Approaches to Teaching Woolf's To the Lighthouse
Editor(s): Beth Rigel Daugherty, Mary Beth Pringle
Pages: xiv & 211 pp.
"Approaches to Teaching Woolf's To the Lighthouse will be accessible and useful to a continuum of college professors likely to teach the novel, including experienced scholars of modern literature, literature professors who don't usually read Woolf, and professors in nonliterary disciplines."
Jane Fisher, Associate Professor, Canisius College
"The essays present a wide range of interpretive and pedagogical approaches. This diversity will be stimulus to beginning instructors and a challenge to seasoned instructors, prompting us all to become more self-reflexive about what we do in the classroom."
Melba Cuddy-Keane, Associate Professor, University of Toronto at Scarborough
We are currently out of stock of the paperback edition of this title. The cloth edition will be substituted at the paperback price.
"Good, motivated, well-read students can have trouble reading To the Lighthouse," admit the editors of this volume in the Approaches to Teaching series; "not-so-well-read students may have even greater difficulty." Yet many instructors still find Woolf's fifth novel her most accessible because it grapples with issues that interest students. The essays in this collection show how teachers can tackle the often threatening question "Why are we reading this?" with thoughtful answers that make the novel come alive in the classroom.
Like other books in the series, this volume is divided into two parts. Part 1, "Materials," discusses the available editions of the novel and further reading for students, as well as reference works, bibliographies, critical works, and teaching aids. Part 2, "Approaches," gathers twenty-one essays that provide instructors with strategies for introducing students to a difficult text. The first group of these essays focuses on how to read To the Lighthouse; the volume then presents a range of critical approaches, including autobiographical, contextual, and intertextual methods. As the editors note, all the essays "aim to help undergraduates new to Woolf's novel become the readers Woolf ultimately wants: open, curious, sensitive, active."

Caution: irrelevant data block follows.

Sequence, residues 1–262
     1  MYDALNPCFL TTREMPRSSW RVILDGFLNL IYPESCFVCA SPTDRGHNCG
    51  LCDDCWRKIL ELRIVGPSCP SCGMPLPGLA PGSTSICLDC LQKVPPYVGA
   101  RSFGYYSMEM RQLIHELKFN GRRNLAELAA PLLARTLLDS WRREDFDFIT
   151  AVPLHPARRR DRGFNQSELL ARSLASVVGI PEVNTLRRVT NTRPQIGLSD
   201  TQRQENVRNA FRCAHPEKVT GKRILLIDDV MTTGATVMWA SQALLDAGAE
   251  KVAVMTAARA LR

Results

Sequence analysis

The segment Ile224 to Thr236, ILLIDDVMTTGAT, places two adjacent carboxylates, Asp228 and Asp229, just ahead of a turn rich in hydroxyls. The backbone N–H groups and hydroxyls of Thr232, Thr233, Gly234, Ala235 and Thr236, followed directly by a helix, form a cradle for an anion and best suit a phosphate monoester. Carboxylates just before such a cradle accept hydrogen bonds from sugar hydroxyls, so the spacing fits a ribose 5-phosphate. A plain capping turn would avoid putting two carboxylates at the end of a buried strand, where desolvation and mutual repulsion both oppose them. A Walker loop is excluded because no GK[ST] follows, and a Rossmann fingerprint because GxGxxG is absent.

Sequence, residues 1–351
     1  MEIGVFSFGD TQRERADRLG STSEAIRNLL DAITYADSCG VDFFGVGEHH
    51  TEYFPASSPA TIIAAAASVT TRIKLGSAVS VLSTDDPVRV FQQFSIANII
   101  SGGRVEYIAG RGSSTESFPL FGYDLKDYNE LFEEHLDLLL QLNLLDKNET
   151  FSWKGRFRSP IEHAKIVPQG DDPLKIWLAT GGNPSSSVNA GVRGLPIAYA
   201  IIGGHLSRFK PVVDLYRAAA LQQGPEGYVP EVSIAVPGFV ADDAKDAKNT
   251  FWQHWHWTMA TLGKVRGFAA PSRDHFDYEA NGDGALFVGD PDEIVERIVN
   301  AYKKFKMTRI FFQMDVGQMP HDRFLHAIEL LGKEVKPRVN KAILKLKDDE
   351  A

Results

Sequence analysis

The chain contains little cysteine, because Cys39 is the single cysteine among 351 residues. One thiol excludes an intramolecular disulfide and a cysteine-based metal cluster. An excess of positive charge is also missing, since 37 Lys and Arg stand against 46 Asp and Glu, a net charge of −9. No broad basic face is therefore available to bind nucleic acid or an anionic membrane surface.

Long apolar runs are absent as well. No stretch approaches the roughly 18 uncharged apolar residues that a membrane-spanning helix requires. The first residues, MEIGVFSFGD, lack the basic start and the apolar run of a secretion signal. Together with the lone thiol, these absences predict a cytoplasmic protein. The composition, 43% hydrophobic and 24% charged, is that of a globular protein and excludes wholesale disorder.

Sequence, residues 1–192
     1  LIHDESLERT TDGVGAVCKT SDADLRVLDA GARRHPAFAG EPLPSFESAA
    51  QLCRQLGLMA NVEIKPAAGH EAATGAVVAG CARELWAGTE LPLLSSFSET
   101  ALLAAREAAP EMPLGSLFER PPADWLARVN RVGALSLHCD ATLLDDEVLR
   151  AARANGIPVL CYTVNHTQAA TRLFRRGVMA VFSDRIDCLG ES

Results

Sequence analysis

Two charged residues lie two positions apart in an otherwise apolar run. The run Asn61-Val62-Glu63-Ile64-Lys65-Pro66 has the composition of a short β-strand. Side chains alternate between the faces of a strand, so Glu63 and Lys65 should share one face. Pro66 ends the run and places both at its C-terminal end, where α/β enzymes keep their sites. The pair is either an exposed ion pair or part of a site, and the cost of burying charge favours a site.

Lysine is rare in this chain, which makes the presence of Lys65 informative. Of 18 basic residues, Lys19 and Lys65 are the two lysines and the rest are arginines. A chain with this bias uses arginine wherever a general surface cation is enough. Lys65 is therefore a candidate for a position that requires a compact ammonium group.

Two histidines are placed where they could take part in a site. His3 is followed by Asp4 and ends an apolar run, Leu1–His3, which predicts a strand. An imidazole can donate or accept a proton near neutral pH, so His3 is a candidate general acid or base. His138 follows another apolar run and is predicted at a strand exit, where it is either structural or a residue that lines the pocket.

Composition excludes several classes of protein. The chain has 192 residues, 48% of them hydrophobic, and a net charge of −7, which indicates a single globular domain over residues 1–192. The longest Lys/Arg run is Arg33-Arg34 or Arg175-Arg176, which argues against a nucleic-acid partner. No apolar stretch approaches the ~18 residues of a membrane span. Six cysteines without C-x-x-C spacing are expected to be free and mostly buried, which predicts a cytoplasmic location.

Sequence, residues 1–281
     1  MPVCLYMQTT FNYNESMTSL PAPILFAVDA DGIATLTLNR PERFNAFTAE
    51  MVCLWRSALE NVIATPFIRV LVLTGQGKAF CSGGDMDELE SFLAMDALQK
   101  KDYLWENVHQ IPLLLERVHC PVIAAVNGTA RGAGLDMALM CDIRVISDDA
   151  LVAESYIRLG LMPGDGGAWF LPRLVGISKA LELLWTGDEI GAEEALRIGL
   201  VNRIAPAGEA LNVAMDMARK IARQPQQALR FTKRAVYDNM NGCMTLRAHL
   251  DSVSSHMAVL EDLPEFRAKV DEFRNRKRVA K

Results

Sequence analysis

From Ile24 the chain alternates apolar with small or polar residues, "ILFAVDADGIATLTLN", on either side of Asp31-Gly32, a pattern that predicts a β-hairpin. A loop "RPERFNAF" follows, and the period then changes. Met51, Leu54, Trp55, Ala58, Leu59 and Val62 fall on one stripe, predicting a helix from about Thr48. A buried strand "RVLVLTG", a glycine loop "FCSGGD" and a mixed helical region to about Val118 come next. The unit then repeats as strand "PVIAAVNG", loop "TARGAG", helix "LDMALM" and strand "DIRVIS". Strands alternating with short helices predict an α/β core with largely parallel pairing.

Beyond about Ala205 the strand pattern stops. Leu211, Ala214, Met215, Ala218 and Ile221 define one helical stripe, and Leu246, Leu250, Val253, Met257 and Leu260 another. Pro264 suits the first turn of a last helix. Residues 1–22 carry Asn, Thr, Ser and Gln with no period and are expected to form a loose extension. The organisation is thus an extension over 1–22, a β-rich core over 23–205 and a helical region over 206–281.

Table of Contents
Approaches to Teaching Virginia Woolf's To the Lighthouse
Part 1: Materials
Beth Rigel Daugherty and Mary Beth Pringle
Further Reading for Students
Hours in a Library
Reference Works, Bibliographies, and Resources
Backgrounds and Foregrounds
Part 2: Approaches
How Should One Read To the Lighthouse?
Period Reading Practices
Teaching To the Lighthouse as a Traditional Novel
Janis M. Paul
"For Nothing Is Simply One Thing": Knowing the World in To the Lighthouse
Returning to the Lighthouse: A Postmodern Approach
Pamela L. Caughie
Close Textual Analysis
The Language of Fabric in To the Lighthouse
Reading Provisionally: Narrative Theory and To the Lighthouse
"Some Rope to Throw to the Reader": Teaching the Diverse Rhythms of To the Lighthouse
Successful Classroom Strategies
Twenty Years to the Lighthouse: A Teaching Voyage
Reading and Writing: Helping Students Discover Meaning in To the Lighthouse
Look Again: Reading To the Lighthouse from an Aesthetic of Likeness
Toni A. H. McNaron
What Teaching To the Lighthouse Taught Me about Reading Virginia Woolf
Reading To the Lighthouse as a Critique of the Imperial
Articulating the Questions, Searching for Answers: How To the Lighthouse Can Help
Nancy Topping Bazin
From the Dark House to the Lighthouse: The Ramsays as Dysfunctional Family
Gerald T. Cobb
Transformations: Teaching To the Lighthouse with Autobiographies and Family Chronicles
Marcia McClintock Folsom
To the Lighthouse and Painting
To the Lighthouse and the Publishing Practices of Virginia Woolf
Teaching To the Lighthouse as a Civilian War Novel
Karen L. Levenback
"I Have Had My Vision": Teaching To the Lighthouse as Künstlerroman
Portraits of Artists by Woolf and Joyce
Pear Trees beyond Eden: Women's Knowing Reconfigured in Woolf's To the Lighthouse and Hurston's Their Eyes Were Watching God
Compulsory Heterosexuality and the Lesbian Continuum in To the Lighthouse: A Womens Studies Approach